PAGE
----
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From what I've read, it is good security approach to have two accounts, one admin and one standard.

I am trying to run the following command in terminal on my standard account

sudo mv /System/Library/CoreServices/Search.bundle /System/Library/CoreServices/Search.bundle.bak killall SystemUIServer

It asks for a password at which point the process fails because the current user "is not in the sudoers file."

Is it asking for my admin account password or root password? Do I have a root account/password if I haven't explicitly set one up? How do I temporarily elevate my access to execute the command without necessarily enabling root?

  • If the asker has lost control of this account, just register a new account and flag this for moderator assistance in merging the accounts if the self-merge portion of help center doesn't work. – bmike Nov 10 '13 at 6:25
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The system is asking for the password of your account and then verifies whether you are allowed to run sudo based on the content of /etc/sudoers. By default only Administrators (which have the option ticket in Preferences) are allowed to do this.

In case you want to run shell commands with sudo without having to switch users all the time you have several options:

  • Use ssh <any-admin-user>@localhost to log in as an admin user and run sudo then
  • Add your non-admin user to /etc/sudoers by logging in as an admin user, executing sudo visudo in Terminal, duplicating the %admin ALL=(ALL) ALL line and replacing %admin with your username. This will allow you to use sudo in Terminal without giving you full admin access. Using visudo instead of editing the file directly will ensure that the file gets checked for syntactical correctness on save (an error in /etc/sudoers might lock you out of your system completely)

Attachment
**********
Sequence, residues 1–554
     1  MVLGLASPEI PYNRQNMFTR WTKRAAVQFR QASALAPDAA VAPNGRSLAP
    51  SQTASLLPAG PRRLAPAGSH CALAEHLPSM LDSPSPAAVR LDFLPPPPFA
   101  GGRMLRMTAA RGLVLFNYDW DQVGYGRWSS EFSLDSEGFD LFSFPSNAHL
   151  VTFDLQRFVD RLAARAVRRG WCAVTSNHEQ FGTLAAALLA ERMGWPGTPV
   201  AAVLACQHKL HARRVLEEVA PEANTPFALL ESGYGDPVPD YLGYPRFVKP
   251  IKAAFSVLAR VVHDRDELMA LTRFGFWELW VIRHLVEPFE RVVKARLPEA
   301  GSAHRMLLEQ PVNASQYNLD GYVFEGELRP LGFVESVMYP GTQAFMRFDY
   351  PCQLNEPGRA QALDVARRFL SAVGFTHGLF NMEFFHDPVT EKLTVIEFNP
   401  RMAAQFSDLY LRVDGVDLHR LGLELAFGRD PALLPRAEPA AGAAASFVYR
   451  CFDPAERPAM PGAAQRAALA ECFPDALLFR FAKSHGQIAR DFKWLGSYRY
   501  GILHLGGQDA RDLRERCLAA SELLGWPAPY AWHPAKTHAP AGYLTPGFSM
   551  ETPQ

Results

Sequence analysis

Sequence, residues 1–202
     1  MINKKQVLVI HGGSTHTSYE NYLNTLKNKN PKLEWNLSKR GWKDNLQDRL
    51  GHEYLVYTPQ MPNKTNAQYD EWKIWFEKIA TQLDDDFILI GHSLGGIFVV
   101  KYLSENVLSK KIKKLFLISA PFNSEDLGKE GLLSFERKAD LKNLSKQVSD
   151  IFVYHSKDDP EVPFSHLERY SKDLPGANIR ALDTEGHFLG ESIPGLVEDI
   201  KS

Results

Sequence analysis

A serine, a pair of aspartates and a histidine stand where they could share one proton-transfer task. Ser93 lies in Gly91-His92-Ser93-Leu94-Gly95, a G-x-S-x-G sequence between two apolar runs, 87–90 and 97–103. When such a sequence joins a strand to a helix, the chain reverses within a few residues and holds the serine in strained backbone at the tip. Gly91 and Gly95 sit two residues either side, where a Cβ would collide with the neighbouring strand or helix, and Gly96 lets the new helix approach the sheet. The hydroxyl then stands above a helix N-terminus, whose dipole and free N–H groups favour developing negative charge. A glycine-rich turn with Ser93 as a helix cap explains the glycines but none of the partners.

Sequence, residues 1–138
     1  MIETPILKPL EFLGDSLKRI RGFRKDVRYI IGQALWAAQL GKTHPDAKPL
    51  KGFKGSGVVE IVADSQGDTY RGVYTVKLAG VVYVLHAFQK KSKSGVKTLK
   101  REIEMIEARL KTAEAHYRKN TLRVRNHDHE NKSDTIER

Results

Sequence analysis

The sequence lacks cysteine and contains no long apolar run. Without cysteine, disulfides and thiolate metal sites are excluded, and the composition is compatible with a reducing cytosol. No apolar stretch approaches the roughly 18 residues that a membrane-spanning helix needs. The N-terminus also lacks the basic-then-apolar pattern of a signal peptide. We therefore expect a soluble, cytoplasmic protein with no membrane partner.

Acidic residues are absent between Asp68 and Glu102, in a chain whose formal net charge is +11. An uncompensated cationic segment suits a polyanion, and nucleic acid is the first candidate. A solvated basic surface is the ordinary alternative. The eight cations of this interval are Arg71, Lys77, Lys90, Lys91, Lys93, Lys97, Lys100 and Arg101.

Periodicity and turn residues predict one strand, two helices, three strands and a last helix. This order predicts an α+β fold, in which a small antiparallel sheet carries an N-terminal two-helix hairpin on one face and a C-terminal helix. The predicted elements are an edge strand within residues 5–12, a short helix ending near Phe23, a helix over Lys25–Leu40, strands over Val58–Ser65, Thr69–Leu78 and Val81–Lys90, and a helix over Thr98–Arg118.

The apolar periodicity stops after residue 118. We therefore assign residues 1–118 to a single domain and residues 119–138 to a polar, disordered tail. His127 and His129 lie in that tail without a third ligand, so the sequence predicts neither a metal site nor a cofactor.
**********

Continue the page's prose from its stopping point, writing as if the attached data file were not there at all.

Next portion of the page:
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    ssh is a bit overkill for this, and requires that you actually have sshd running. su <any-admin-user> would be better. – ughoavgfhw Nov 9 '13 at 6:02
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Open Terminal and login to your administrator account. It should look like this:

MyComputer:~ MyStandardAccount$ login MyAdminAccountName
Password: <enter password here> --The text you type will be invisible so no one can see the password
MyComputer:~ MyAdminAccount$ sudo mv /System/Library/CoreServices/Search.bundle /System/Library/CoreServices/Search.bundle.bak killall SystemUIServer
Password: <enter password here> --Text will be invisible again
MyComputer:~ MyAdminAccount$ logout
MyComputer:~ MyStandardAccount$
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I answered a similar question here


Seems like you could use the SU command to switch to another user in Terminal. Once you've switched to the admin user you can use sudo commands coupled with the admin account's password.

For example, when I'm at one of my end user's Macs and I need to run something with elevated privileges (chown for example) without logging out and into the admin account (ladmin) I would use something like this (in bold):

Mr-Rabbits-Mac:~ notadminuser$ su ladmin

This will prompt for the ladmin account's password, once entered you will see a bash command prompt. From here I can run any sudo commands desired, entering ladmin's password as needed...

bash-3.2$ sudo chown user2 /some/folder

This will run the chown command using the now logged in ladmin user, prompting for the ladmin account's password. Once finished you can type exit to return to your logged in user's prompt.

Screenshot of similar process, only using sudo to run the ls command (just for example). enter image description here

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